So, within the analytic tradition one creates fictions that imagine the world to be a way it is not and then considers what the similarities and differences between our world and that world might tell us.  Within the continental tradition one tells a story about the world and then considers what the similarities and differences between the character’s actions and our actions in the same situation might tell us.  You say imagine, I tell a story… you appeal to a hypothetical premise, I appeal to a narrative.  Can’t we all get along?

(My most sincere thanks to Neal De Roo for pointing this out long before I could really appreciate how right he was!)


2 comments on “The REAL difference between Analytical & Continental Philosophy

  1. Robert Minto says:

    Boston College is hosting a “contemporary philosophy seminar” this weekend on the subject of the Continental/Analytic Divide. So we’ve all been thinking and arguing about it for the past few days.

    From my perspective (if I can use your post as an excuse to hatch some thoughts I’ve been incubating) as I’ve slowly gained access to the riches of, for example, analytic philosophy of language, post-analytic philosophy, remarkable contemporary “analytics” like Robert Brandom and John McDowell, and superb analytic historians of philosophy like Frederick Beiser, I’ve begun to see that with respect to still-pressing contemporary problematics (especially language and mind) one can without much trouble at all draw heavily on work on both sides of the divide. But in the problem of “facticity and validity” — as Habermas puts it — the primarily social problem of actual human life on the one hand and our desire for rational organization / justification on the other, the divide has horribly mangled a problem, such that one can only with difficulty work on it from just one side or other of the divide.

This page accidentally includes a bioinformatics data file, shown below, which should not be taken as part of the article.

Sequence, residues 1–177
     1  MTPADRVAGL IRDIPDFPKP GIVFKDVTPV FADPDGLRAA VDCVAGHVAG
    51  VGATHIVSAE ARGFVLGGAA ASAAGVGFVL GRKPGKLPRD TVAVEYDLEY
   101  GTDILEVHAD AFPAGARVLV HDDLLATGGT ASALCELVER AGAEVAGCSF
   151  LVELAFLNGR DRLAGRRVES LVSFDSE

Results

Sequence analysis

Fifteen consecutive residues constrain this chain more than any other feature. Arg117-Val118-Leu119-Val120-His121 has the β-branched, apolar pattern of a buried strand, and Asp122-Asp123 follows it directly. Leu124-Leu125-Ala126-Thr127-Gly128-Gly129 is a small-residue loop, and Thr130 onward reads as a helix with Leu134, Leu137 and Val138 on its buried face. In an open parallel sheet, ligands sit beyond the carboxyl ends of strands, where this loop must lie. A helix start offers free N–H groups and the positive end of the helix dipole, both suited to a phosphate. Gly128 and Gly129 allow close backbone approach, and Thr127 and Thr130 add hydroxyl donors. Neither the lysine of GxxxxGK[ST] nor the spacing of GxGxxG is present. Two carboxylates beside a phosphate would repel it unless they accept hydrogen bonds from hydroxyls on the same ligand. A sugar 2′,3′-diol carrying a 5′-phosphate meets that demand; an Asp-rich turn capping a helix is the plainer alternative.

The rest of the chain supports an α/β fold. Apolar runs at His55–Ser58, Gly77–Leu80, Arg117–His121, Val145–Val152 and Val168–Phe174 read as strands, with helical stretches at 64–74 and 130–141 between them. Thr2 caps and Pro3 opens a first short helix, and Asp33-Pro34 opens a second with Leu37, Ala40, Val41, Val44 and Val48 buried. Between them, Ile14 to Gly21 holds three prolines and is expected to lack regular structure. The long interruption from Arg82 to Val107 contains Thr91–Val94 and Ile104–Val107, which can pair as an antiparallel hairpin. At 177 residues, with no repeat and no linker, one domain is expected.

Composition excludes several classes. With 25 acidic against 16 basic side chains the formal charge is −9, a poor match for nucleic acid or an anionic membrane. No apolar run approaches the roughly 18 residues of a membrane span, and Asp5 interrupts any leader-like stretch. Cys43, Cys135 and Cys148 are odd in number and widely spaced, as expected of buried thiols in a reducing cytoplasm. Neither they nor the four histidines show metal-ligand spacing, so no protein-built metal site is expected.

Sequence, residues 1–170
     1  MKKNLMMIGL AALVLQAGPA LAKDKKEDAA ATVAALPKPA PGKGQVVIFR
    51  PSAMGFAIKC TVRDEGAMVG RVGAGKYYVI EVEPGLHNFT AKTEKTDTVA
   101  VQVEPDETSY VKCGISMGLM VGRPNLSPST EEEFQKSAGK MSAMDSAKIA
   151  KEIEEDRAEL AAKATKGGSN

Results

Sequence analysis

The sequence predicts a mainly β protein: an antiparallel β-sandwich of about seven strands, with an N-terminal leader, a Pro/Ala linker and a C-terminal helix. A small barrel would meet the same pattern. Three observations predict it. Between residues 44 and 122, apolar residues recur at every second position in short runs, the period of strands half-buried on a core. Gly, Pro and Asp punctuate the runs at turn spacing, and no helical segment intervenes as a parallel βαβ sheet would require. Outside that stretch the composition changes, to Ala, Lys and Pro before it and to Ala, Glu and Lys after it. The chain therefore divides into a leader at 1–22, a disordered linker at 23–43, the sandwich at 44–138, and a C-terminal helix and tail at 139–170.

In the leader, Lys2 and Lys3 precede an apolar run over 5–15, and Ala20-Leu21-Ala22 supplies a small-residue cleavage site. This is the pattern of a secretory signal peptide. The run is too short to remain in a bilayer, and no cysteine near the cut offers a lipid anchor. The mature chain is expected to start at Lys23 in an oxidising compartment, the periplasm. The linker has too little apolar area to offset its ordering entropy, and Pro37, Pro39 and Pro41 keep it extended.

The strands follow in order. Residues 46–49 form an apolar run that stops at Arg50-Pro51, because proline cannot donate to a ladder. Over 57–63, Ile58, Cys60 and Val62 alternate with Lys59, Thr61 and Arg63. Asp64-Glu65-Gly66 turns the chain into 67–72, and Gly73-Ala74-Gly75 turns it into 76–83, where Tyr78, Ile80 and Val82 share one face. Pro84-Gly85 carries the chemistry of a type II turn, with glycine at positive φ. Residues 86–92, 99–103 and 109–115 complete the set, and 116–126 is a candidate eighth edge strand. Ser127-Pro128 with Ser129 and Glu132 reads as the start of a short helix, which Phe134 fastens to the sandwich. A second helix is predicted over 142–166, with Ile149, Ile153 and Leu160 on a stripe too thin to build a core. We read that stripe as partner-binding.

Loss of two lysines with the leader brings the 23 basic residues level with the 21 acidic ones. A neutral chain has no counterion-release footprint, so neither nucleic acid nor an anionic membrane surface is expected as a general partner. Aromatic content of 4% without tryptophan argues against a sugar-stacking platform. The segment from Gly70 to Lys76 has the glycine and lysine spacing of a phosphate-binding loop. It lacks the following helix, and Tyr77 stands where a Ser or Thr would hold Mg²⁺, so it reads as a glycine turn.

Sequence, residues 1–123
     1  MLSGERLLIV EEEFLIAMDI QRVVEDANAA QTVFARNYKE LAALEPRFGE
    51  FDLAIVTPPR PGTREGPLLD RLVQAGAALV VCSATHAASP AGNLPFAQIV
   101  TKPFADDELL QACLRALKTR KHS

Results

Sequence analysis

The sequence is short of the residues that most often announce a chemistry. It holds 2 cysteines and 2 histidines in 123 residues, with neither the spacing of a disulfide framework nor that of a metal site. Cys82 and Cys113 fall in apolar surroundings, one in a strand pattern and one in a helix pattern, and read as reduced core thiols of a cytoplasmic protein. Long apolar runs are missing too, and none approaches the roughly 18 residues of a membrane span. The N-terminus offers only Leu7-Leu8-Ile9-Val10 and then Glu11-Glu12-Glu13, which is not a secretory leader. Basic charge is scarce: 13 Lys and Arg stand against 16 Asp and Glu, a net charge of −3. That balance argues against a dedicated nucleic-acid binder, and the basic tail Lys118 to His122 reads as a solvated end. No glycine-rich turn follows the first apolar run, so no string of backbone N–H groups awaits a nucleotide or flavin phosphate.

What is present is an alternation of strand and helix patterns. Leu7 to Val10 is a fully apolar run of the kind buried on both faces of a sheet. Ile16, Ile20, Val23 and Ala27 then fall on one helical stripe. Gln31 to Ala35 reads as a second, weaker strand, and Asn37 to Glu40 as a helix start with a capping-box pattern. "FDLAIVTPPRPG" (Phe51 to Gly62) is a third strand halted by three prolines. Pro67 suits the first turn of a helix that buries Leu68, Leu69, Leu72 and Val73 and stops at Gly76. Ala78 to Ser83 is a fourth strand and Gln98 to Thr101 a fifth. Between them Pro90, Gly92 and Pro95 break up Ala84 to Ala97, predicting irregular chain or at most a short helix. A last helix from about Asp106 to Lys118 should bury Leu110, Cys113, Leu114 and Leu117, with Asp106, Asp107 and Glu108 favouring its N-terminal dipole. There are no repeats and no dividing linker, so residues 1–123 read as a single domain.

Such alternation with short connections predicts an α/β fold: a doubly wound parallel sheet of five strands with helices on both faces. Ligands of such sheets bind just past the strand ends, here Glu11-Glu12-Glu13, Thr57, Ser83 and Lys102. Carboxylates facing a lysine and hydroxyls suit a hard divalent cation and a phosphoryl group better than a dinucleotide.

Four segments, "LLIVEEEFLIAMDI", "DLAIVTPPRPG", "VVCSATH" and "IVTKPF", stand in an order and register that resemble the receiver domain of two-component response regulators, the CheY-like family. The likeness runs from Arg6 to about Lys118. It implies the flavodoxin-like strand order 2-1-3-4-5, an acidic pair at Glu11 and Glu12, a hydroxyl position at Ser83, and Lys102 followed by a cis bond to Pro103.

But to put all my cards on the table, I’m beginning to suspect that The Divide is really only an intractable problem with regard to a very specific set of philosophers on both sides — the early positivists and those of their heirs who held on to the abjuration of metaphysics (most did not), and, on the other hand, post-Husserlian (and especially French) phenomenology, and then the late 20th century Nietzscheans. These two fairly limited sets (yet vastly influential, to the degree that a contemporary philosopher will tend to find his sympathies always lying more with one set than the other) almost seem the only really immovable, unbridgeable gap. For the rest, I’d like to say, it’s all philosophy and I aspire to equal access to both sides for conceptual appropriation.

  2. maphman says:

    I think that analytic philosophy has much to offer in as much as it is willing to disentangle itself from Wittgenstein’s claim that all ethical, aesthetic, mathematical, philosophical, theological, and causal judgments are meaningless. Now fortunately–as I think you would agree–few contemporary analytic philosophers still work in the tightly defined world that Wittgenstenian philosophy carved out for itself. If nothing else, the nineteen-sixty’s civil rights/ war protest culture could not allow analytic philosophy to hold up in its natural sciences styled bunker. Yet, I would agree with you that the question comes down to seeking out social facticity v. rational, positivistic proofs. The two traditions still approach the project of philosophy with an eye toward different goals.

    I am actually rather enjoying both. I didn’t get into philosophy because I was a frustrated mathematician or physicist (Frege or Wittgenstein)–in fact I got into philosophy because I don’t enjoy algebraic puzzles. But, I have enjoyed reading Rawls’ Theory of Justice and the metaphysics of David Lewis and Saul Kriptke–all of which seem to take a rational/ positivist/ natural sciences approach to their topics.

    The interesting thing to note is that if Philosophy is generally hated by the rest of the humanities–and there is strong evidence to suggest that it is–then the philosophy that the humanities hate is the analytic philosophy with its mathematical/ legal flavor. Does that make analytic philosophy too much of a science? or does it mean that the rest of the humanities just abhor rigorous, critical argument?